Besides the efficiency of covering a lot in two days, we're opting for this tour because we don't need visas to do it. Getting visas takes time and costs a lot, and having spent that money you're on your own in a big city with signage in an unfamiliar alphabet. Check out the RS "Northern European Cruise Ports" guide for his take on St. Petersburg. I generally like the "RS way," but in this case I went for what the late great Edward Abbey called "industrial tourism."
Dick, I can't read a word of Cyrillic nor speak Russian, and I had no trouble at all getting around St. Petersburg alone. My phone helped a lot but mostly with walking directions and bus info. I would still have managed just fine without my phone, really. It did save me time. Otherwise, I wasn't intimidated by St. Petersburg at all. Some signage is in the Latin alphabet, and the town is actually quite touristy.
Getting visas would be expensive (though not difficult - there are agencies that will do it for you if you send them your passports) - I'm surprised you need them with a cruise port stop. I didn't need a visa with the ferry stop-over with the St. Peter Line a few years ago where I spent two nights on my own.
We used a tours by locals guide to the Catherine Palace which provided transport and facilitated entry without a line; it cost a lot less than the cruise offering which was a bus tour. when arriving by cruise the next year, we didn't take the cruise tour of the Peterhof but took a car out and the hydrofoil back for about half what our peers on the cruise paid for a bus tour that they were very disappointed in.
A private guided tour may facilitate enjoyment especially for distant sites with difficult entry like the Catherin Palace, but it is easy to do the main sites in Petersburg itself; I would not want to be herded around there.
Andrew - the St. Peter line has a special arrangement, which means you don't need a visa. Other cruises do not work this way.
Denise - as others have said above, Rick talks about two options for seeing St. Petersburg, while in reality there are three.
1) You can go totally on your own, and this requires a visa you get on your own.
2) You can go with the ship's tours, and you do not have to get a visa.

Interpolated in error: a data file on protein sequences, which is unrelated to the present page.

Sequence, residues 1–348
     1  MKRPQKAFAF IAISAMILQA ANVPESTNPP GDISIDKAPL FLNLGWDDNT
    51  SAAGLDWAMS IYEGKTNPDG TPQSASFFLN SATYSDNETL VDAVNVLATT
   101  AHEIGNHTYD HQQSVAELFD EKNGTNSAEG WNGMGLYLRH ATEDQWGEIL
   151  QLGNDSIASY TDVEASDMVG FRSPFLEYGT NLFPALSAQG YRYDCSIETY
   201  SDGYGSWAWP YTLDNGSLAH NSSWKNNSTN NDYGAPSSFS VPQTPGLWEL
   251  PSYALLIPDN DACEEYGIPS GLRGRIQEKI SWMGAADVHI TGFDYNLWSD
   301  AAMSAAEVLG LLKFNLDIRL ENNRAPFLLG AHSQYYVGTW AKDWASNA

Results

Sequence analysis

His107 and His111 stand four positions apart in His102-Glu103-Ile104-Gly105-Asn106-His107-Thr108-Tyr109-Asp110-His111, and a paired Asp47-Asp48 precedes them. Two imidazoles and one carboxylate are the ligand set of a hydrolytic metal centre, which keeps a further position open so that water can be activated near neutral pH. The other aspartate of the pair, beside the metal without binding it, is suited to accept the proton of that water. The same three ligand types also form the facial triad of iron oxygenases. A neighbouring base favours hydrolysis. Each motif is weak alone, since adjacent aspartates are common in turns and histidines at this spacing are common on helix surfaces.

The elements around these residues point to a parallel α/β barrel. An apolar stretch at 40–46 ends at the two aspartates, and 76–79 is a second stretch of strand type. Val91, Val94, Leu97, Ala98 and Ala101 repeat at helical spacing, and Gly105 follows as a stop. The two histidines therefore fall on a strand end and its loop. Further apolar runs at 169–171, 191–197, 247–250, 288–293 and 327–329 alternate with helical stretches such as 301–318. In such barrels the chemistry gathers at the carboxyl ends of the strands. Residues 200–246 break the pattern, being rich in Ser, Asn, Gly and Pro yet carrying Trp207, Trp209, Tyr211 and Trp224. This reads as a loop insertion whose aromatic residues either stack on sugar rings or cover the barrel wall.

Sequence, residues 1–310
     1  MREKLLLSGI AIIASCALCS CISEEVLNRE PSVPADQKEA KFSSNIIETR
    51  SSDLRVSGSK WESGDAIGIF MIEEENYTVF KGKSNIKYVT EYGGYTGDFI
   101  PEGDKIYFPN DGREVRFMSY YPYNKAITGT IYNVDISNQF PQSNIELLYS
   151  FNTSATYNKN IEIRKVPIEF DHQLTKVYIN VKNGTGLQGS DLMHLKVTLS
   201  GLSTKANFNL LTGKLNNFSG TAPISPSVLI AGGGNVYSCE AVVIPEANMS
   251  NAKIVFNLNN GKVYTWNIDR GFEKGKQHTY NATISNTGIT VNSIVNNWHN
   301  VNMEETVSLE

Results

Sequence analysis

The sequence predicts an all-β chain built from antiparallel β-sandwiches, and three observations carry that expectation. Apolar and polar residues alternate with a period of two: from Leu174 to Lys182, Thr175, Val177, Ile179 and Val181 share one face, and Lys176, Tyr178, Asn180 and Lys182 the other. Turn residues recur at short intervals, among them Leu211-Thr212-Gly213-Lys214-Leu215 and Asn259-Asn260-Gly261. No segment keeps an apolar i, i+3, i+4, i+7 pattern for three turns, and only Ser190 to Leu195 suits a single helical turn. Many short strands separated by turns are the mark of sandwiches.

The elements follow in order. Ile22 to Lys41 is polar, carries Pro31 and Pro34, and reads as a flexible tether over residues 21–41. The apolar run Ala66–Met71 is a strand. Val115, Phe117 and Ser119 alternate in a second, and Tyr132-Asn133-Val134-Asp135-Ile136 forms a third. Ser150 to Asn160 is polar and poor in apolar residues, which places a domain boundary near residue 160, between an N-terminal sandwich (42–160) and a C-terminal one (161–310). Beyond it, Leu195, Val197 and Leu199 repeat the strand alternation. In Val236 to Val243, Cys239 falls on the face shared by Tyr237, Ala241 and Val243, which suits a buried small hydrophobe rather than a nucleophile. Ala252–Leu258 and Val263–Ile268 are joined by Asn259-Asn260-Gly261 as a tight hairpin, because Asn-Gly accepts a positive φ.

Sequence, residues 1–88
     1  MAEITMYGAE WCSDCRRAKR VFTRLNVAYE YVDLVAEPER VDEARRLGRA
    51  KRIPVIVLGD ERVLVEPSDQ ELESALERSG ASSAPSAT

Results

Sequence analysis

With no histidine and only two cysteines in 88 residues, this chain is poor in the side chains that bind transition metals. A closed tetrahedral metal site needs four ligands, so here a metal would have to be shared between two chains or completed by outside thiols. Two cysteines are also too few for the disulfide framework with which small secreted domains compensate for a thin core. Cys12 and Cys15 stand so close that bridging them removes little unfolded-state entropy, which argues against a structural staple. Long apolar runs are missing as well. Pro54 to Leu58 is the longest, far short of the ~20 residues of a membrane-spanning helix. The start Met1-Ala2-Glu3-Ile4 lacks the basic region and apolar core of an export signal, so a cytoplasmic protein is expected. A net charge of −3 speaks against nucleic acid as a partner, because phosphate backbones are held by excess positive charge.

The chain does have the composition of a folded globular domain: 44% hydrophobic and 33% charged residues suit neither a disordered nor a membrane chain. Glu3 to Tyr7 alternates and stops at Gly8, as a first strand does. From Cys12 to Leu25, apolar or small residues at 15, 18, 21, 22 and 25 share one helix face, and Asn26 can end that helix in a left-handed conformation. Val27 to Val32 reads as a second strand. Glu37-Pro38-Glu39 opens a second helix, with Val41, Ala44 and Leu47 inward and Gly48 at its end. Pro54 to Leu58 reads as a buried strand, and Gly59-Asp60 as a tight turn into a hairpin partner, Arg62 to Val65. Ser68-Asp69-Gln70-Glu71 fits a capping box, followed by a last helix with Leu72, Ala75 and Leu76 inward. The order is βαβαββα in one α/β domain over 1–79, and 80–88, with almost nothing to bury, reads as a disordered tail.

3) You can go on a tour with an authorized tour agency (Alla Tours, SPB Tours, Red October, etc). They get a "visa equivalent" for you, and you do not need to get your own visa (it's not officially called a "visa equivalent," but that's what it functions as). Note that these companies have both set tours for small-ish groups (15 or so), and can also do custom tours for any number. If you don't see what you want from their set tours, you can use Cruise Critic's Roll Call to find others on your sailing who may be interested in joining your private tour, lowering the per-person cost.
Here' the Cruise Critic Roll Calls: https://www.cruisecritic.com/rollcalls/
And here's their Northern Europe and Baltic Ports Forum, with lots of discussion about St. Petersburg options: https://boards.cruisecritic.com/forumdisplay.php?f=192
I think you can do it in 2 days with no problem. The churches and the Hermitage are fairly close to each other, we walked. And Peterhof is maybe a half a day, but totally worth it. IMHO, it beats Catherine’s Palace. We were on our own the whole time, so we had to get visas. Not that hard, but quite pricey. So maybe a tour without having to get a visa would make more sense for you.
We are also doing a 2 week Baltic Cruise this August. We tend not to do the ship's ex, but we are cruising with Viking and there is 1 included shore ex per port. The 2 day SPB tour is not included of course, but we opted to hire the highly touted Alla-tour Co.
Like TJ travel we rec'd a disc. from cruise critic and for early booking. You send them a pic of your passports and they take care of everything and send you tour vouchers to print. So far their correspondence has been excellent... including arranging gluten free lunches for one member of our party.
It's about $250 for 2 days, but the ship wants $469!
For anyone afraid of missing the ship....they do this same tour all the time and i'm sure know how to ensure that doesn't happen. Besides, if something unforeseen did happen they guarantee to get you to the ship's next port. In our case Tallinn.
We are doing a custom private 2 day tour with Alla Tours. Expensive ($680 per person), but worth it to us to be able to do what we want, when we want, and for how long we want, without having to worrying about 14 other people. I know the price is expensive, but I figured a tour for a van that holds 16 was going to be around $500 - 600 anyhow, so I am willing to spend the extra money to be by ourselves since this is most likely a place we will only visit one time in our lives. Anyhow, just figured I would throw that out as an option if you are looking to be by yourselves.
The Hermitage, Peterhof Palace and the Peter and Paul Fortress must be visited necessarily. But for two days for everything will be extremely short. If you still find the time, then I would advise you Trans-Mongolian Railway Tour St.Petersburg-Beijing 18 days - http://rusrailtravel.ru/tours/St%20Petersburg-Beijing . Incredibly entertaining journey . You can see almost all of Russia and China.